Concern over OTAs no longer the top issue impacting agency revenue

In this year's Travel Industry Survey, 31% of advisors reported that internet-based competition had a negative impact on business in 2018, second only to security and safety (42%). Last year, internet-based competition was the No. 1 concern, with 42% reporting that it had impacted 2017 revenue. Senior editor Jamie Biesiada spoke with Signature Travel Network president and CEO Alex Sharpe about why advisors seem less concerned about the OTAs.

Q: The negative effects of internet-based competition appear to have lessened from 2017 to 2018. Does that indicate advisors are feeling more confident in their value proposition?

Alex Sharpe
Alex Sharpe

A: I think that's a big factor in it. Certainly, we're trying to give them some level footing in that space by providing members with hotel and cruise booking engines that members can offer to consumers to shop rates and availability online.

But it's not necessarily to compete in the online space; it's to compete in the online research space so people can look at pricing and availability and dig in, giving them those tools where they can stand up next to big OTAs or even the suppliers themselves with rich content and the ability to book, if necessary, or just kind of dig in more. I think that's part of it.

I don't think the threat is any less. I think we've met it, but the difference is, people talk about supplier-direct. I think when you look back 15 years ago  I'll use my experience on the supplier side [as a senior vice president at Regent Seven Seas Cruises before joining Signature in 2011]  we weren't as sophisticated as a lot of the travel agencies.

Now these suppliers are cutting edge. They're hiring people who are doing artificial intelligence. They have teams of social media. They've become really, really good, but I also think over the years they've matured in understanding where they can add incremental value and where they can just stay out of the agency's way and let them still do what they do well.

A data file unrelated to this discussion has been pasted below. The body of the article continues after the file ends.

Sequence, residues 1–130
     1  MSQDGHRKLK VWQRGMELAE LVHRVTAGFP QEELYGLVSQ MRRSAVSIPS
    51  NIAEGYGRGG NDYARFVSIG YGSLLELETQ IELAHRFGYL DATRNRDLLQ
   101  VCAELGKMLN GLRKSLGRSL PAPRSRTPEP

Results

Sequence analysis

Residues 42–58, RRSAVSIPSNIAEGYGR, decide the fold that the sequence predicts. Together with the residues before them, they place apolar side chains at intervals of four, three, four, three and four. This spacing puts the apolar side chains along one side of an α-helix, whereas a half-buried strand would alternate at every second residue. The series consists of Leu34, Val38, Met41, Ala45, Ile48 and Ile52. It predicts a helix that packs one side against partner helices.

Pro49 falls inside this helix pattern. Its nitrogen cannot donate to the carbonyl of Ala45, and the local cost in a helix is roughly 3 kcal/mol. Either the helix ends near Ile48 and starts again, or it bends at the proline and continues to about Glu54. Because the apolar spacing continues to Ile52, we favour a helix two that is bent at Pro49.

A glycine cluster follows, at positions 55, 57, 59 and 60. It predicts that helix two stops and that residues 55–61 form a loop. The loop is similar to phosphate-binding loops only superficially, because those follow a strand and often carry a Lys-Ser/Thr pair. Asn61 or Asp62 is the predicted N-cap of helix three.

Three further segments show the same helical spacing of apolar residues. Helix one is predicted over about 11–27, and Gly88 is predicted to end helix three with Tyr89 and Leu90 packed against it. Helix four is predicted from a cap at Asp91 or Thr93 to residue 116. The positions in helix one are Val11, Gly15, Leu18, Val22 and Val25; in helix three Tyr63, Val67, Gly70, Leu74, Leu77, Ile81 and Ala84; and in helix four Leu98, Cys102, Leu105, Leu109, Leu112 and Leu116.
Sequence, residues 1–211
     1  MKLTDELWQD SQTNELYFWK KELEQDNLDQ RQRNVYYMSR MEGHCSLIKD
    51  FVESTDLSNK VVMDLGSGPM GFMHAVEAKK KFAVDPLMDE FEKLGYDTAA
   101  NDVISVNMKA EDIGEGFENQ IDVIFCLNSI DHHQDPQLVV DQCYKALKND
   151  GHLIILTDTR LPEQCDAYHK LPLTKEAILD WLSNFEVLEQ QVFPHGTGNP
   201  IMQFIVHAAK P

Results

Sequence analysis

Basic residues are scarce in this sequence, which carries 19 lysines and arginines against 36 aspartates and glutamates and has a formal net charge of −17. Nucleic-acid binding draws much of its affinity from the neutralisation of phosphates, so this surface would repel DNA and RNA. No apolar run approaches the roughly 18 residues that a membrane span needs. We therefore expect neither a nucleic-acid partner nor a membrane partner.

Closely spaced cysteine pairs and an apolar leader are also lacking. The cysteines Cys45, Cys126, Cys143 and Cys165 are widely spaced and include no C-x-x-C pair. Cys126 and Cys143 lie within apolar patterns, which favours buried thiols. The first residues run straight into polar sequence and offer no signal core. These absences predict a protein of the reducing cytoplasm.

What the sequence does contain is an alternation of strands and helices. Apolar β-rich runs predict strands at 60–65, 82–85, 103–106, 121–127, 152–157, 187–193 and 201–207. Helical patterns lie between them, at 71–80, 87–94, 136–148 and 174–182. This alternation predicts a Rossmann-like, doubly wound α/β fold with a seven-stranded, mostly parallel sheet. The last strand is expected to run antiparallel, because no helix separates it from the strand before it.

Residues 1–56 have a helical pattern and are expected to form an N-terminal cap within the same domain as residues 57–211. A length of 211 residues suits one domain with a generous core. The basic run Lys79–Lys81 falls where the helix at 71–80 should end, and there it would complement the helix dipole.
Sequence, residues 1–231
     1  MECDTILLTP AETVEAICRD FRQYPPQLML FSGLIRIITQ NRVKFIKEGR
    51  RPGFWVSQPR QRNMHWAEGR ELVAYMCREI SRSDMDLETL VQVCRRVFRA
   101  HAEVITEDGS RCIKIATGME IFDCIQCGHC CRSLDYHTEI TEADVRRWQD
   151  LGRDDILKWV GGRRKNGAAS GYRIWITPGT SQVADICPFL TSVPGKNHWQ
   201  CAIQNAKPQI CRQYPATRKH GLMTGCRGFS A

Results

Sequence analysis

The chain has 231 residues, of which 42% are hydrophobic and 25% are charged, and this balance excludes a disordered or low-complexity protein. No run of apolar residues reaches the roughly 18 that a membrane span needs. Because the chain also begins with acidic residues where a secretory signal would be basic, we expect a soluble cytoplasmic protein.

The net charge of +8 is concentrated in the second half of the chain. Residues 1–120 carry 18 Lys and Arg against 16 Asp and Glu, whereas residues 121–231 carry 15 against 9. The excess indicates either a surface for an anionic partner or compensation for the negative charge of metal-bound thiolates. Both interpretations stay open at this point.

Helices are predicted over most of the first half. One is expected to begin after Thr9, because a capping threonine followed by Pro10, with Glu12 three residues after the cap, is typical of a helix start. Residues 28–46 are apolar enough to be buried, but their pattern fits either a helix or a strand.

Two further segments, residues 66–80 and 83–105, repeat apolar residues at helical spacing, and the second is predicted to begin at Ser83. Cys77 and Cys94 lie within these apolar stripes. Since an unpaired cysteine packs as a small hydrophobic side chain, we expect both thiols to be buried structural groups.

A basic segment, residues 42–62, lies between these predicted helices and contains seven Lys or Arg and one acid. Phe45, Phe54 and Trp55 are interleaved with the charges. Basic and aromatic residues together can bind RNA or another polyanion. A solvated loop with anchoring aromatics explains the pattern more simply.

Q: Do you think advisors are getting better at communicating their value to suppliers?

A: Yeah, we're certainly getting better at it from the supplier side. We're more dynamic, looking for different solutions. We hired an analyst this year, the idea being if we can dig in and find opportunities and present them to suppliers, nine times out of 10 they say, "Yes, we'll do that." But if we wait for them to come up with the creative idea to work with our network or to work with a particular agency, they're overwhelmed, and they don't get there. They're spending their time and energy figuring out the next promotion or the next direct promotion, so we need to be out there.

Q: How are agencies doing with communicating their value to consumers?

A: I do think they're doing a better job delivering the value proposition message to the consumer. More and more of our members are charging fees every day. I hear things like, "Oh my gosh, I was so scared to charge fees. Now I charge them, and people are saying, 'Oh, is that it?'" They're seeing the value, because if you aren't charging, there isn't value. If you're an attorney and you said, "Well, I'll do this for free," You'd say, "Oh gosh, maybe he's not a very good attorney."

Over the past few years, the Travel Industry Survey indicates, travel advisors have shied away from charging service fees. See this Industry Survey report here.

Q: How would you describe a travel advisor's value proposition?

A: A navigator, a time-saver, someone who can decipher all of this information. We all got scared to death of the internet because of all the stuff that's on the internet, and consumers can do their own research. But now they've just been overwhelmed by it, so they've come back to going, "OK, I don't want to read the Encyclopedia Britannica. You tell me." They're helping them navigate all that information.


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